Off-Grid welcomes Melissa Chapple, who will contribute articles and an island diary from her remote location:
My husband and I live off-the-grid on a tiny island in Southeast Alaska. We had lived for many years on a float house – which is a real house built on a large log raft, anchored in a protected bay. It seemed stable but would move gently about. Occasionally a relaxed guest would jump in fright as the view through the window would drift sleepily to one side. The winter storms got a bit much, so recently we slid the house off the float and on to a small island nearby.
We take a skiff if we want to get into town, or if we want to go over to the nearest island for a walk. Our skiff is more important than our car; we need it for fishing, for hunting on remote islands, or for gathering kelp. People seem to feel sorry for us living on an island, and occasionally I have second thoughts about it in winter when the waves are splashing over the side and freezing rain stings my eyes so much that I can barely see where I am going. But there are lots of compensations – northern lights when coming home in the dark (they sure beat street lights!) a full moon shimmering over fresh snow, winter sunrises bursting over the mountains, and the chance to watch nature change every day. Give me a skiff over a heated garage any day!
Prince of Wales Island is located right at the bottom of the southeastern pan handle of Alaska. To get there, you have to fly from Seattle to Ketchikan. From Ketchikan you can fly on a float plane or take a three hour ferry trip.
We have solar, wind and a small generator with battery pack for power. We collect rainwater and our water is heated by a woodstove – no hot water in summer! We hunt, fish and home can our food. I hope to do more gardening next summer and try to produce more of our food that way. It is a work in progress.
We have a canoe and a kayak – perfect for exploring the islands, inlets and hidden rivers. We can even use them to paddle into town, we will still have transport if we ever can’t buy gasoline. I don’t walk the dogs – I kayak and they run around on the beach near me. They are tough Alaskan dogs, running and jumping across all sorts of terrain, even swimming between islands in very cold water.
Solar and wind power charges our batteries which powers the lights and a boom box for music (to save power we use a boom box, not a regular stereo – low wattage – and 12 volt florescent bulbs). We have a second set of lights wired for 120 volts that we use if we turn on the generator – the generator charges the batteries if they are low, and gives us extra power in winter for watching movies etc. We have a propane range and fridge, and a woodstove heats the house and makes hot water. We are moving up in the world though. Now we have a tiny super quiet generator, (that I think I almost love because it is so quiet), a front loader washing machine (less water and detergent, but it needs the bigger generator) cell phone internet and satellite radio. We don’t want TV, but the addition of the internet and music into our lives has been a real delight!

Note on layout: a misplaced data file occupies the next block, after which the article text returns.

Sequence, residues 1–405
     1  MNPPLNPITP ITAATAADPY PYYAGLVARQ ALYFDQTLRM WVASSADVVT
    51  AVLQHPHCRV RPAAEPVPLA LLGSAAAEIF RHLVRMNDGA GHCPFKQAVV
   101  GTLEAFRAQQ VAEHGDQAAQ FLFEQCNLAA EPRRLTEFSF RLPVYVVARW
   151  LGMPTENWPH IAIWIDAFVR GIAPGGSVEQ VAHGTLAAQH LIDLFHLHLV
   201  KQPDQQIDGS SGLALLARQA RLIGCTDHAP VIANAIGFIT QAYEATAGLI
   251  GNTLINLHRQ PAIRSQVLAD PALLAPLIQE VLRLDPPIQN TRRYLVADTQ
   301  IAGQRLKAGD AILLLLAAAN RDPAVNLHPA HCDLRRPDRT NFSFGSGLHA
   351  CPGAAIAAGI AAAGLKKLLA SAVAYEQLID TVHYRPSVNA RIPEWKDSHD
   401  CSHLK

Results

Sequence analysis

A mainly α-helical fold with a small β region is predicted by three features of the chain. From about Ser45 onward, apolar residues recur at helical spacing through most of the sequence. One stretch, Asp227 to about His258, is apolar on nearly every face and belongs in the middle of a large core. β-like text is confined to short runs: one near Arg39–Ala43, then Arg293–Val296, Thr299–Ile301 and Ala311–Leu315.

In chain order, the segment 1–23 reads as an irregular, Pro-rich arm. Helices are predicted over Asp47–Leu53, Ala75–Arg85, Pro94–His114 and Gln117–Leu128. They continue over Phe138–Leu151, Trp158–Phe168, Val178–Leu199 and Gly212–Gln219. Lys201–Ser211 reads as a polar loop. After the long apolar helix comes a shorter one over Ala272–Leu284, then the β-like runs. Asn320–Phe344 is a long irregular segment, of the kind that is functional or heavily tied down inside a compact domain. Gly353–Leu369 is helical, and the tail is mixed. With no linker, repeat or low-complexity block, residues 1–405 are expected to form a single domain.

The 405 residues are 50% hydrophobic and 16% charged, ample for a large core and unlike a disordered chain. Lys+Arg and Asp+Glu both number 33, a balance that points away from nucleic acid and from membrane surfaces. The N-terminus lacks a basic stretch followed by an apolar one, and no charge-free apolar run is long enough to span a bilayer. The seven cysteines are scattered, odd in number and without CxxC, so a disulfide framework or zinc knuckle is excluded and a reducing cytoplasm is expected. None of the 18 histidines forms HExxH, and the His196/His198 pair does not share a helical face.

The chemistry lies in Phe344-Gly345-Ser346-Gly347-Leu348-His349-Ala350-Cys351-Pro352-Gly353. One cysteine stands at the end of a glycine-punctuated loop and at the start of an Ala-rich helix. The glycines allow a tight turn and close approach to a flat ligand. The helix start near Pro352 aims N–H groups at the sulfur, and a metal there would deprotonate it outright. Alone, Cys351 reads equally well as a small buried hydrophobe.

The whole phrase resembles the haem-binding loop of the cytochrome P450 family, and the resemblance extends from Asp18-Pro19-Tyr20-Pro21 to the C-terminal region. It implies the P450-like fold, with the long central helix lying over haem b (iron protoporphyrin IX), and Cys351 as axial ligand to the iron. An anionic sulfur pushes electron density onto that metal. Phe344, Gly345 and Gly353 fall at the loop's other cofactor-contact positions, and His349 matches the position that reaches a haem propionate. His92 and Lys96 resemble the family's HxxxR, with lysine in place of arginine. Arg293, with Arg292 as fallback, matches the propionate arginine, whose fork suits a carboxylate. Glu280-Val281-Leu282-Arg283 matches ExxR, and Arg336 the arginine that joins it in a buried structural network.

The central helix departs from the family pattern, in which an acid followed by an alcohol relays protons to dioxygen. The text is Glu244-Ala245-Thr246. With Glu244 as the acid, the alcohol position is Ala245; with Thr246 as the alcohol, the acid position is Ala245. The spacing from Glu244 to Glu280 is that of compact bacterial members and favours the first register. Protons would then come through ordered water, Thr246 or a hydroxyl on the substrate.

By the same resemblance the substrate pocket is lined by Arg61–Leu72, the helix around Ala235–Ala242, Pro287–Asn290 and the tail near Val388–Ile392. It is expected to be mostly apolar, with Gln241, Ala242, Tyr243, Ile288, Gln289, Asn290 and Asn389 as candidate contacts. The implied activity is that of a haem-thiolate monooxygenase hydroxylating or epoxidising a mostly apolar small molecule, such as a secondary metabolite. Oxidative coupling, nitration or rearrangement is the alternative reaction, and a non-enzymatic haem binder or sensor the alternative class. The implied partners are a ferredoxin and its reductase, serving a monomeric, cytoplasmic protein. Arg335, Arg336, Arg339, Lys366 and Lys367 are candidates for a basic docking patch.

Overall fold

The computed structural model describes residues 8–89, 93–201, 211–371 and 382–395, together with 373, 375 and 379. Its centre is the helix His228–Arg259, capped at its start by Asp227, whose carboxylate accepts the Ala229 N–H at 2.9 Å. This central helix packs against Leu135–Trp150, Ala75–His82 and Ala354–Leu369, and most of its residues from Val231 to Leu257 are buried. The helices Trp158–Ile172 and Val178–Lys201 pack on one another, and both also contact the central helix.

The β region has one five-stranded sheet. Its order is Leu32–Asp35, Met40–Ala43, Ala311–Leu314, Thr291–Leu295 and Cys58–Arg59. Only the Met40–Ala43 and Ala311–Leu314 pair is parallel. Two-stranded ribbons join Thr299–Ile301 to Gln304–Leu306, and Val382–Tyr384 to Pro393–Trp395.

Summer is a busy time working and collecting food. We don’t really buy any meat from the store. From spring we fish and summer and autumn is hunting time! We can provide enough meat for the rest of the year this way. We eat king salmon, ling cod and halibut and venison. We could hunt for ducks and geese, but haven’t gotten to that yet. Oh, yes, there are also mussels, clams and sea cucumbers for those who like it squishy. Meat is frozen, smoked or canned.
We can up as much food as possible for the rest of the year. This consists of pressure cooking it in glass jars so it can last for a long time. Canning is hard but enjoyable work, and it is a wonderful feeling to be able to walk into your pantry and admire all the sparkling jars of home canned meat, fish, kelp, pickles and fruits and jams. Pure and healthy, only the best ingredients.
The wilderness can provide so much! Imagine great fields of sea asparagus revealed by the low tide, healthy, vibrant green, being tousled gently by the wind. Sea asparagus looks just like regular asparagus only scaled down. It grows on shallow flood plains that are covered by the ocean at high tide and dry at low. You can just walk through and collect bucketfuls with ease. Substitute for beans or any greens in any dish. We pickle it and can it to keep it for winter. We do the same for different types of kelp which can be dried also. And then there are a million different varieties of forest mushrooms in an incredible range of colors, shapes and patterns, berries, fiddlehead ferns for pesto and a bunches of other strange and wonderful local delicacies. There is so much to do and learn!
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